Numbers gameDecember 2011
Two Fulbright Scholars are about to depart for the US to further their research into mathematics teaching.
The need to build a more knowledgeable and skilful professional mathematics teaching force is the driving force behind Professor Glenda Anthony’s New Zealand Fulbright-Harkness Fellowship. Anthony’s visit to the United States is focused on exploring ways of teaching prospective teachers of mathematics to engage in ambitious teaching.
Learning to do the work of ambitious teaching involves learning specialised knowledge for teaching and specifically for teaching mathematics, alongside learning skills in orchestrating instructional activities and the relational work involved in creating equitable classroom communities.
During her six-week visit later in the year, Anthony will look closely at teacher education programmes focusing on learning ambitious mathematics teaching by employing deliberate actions to make practice able to be studied by prospective teachers.
Anthony will work with lead researchers in the Learning in, From, and For Teaching Practice (LTP) project led by professors Magdalene Lampert (University of Michigan), Elham Kazemi (University of Washington) and Megan Franke (UCLA). The LTP project is focused on teaching high-leverage practices and principles of ambitious teaching, as well as the more traditional knowledge of students, content and curriculum. A key element of the project is the design, development and research of instructional activities. These activities are centred on tasks enacted in classrooms that structure the relationship between teacher and students around content in ways that consistently maintain high expectations of student learning, while adapting to the contingencies of particular instructional interactions such as sequencing problems, group work and sharing solution strategies.
Anthony says this collaboration is timely, given the common agenda promoting the provision of equitable and productive educational experiences for diverse learners.
“We know that effective teachers are those who teach in response to what students do as they engage in problem-solving performance, while holding students accountable to learning goals including procedural fluency, strategic competence, adaptive reasoning and productive dispositions. And we also know that this intellectually and socially ambitious goal requires a new conception of teachers’ work. Teachers must not only teach diverse learners to do mathematics competently, but also understand it and use it to solve problems within the classroom and their everyday lives.”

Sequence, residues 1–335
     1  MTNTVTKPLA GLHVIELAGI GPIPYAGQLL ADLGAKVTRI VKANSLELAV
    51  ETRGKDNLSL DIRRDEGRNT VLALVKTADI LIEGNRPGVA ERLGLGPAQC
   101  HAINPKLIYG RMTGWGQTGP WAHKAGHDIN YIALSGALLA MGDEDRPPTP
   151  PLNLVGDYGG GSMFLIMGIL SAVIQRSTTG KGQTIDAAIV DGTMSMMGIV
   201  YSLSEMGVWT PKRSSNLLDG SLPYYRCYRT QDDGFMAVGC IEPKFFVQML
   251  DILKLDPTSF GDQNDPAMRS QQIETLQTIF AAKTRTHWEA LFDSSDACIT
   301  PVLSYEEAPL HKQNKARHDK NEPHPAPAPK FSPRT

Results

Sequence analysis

Challenging current ways of teaching, this study interrogates both the ‘what is it that is to be learnt when one is learning teaching’ and the role of ‘practice’ in its many forms within teacher education. In looking at new ways to prepare prospective teachers, Anthony will investigate instructional strategies and activities that support beginning teachers not just to be aware of a range of effective pedagogical strategies for the mathematics classroom, but also to have developed a disposition towards ambitious forms of pedagogy that will support ongoing learning in the classroom.
Ngaire Addis is a recipient of a Fulbright-Cognition scholarship. The scholarship will allow her to travel to the United States later this year to research how mathematics achievement data is used by leaders of American high schools to improve teaching and learning.
Addis declares herself “passionate about teaching mathematics”, which is evident from her involvement with the subject. In addition to facilitating for the Secondary Numeracy Project and ATOL/asTTLe projects, Addis has run courses for Massey University and presented papers and workshops at many maths-related conferences.
A senior manager at Havelock North High School, Addis is currently completing her doctorate through Massey University; Professor Glenda Anthony is her supervisor. Her dissertation looked at the use of mathematics assessment data by school leaders. Addis is especially interested in the Data Wise project, conducted by Professor Kathy Boudett at the Graduate School of Education at Harvard University and how this could have implications and benefits for the professional development of school leaders in assessment literacy in New Zealand.
The scholarship will enable her to take her research interests to the next level. Addis looks forward to tapping into the experiences of school leaders in America, where educational policy and school management are already focused around systems of standards, testing and public reporting of results. New Zealand schools are faced with the new challenge of how to integrate national standards for mathematics and literacy into daily practice with a view to improving student achievement. “I would like to see more ICT being used in our secondary mathematics classrooms – I think that we are almost lagging behind our primary counterparts,” says Addis.
Addis is immensely proud of her roots, which stem from the Hawke’s Bay. She draws inspiration from her family, which she describes as “matriarchal”, with her mother featuring as a significant influence. Her daughters are also to thank; as children they wrote a screensaver on her computer, “Keep going mum, you can do it” to encourage Addis to complete her master’s thesis.
In addition to furthering her research, Addis is looking forward to some of the lighter aspects of American life with Boston Red Sox games high on the agenda when she is at Harvard University.
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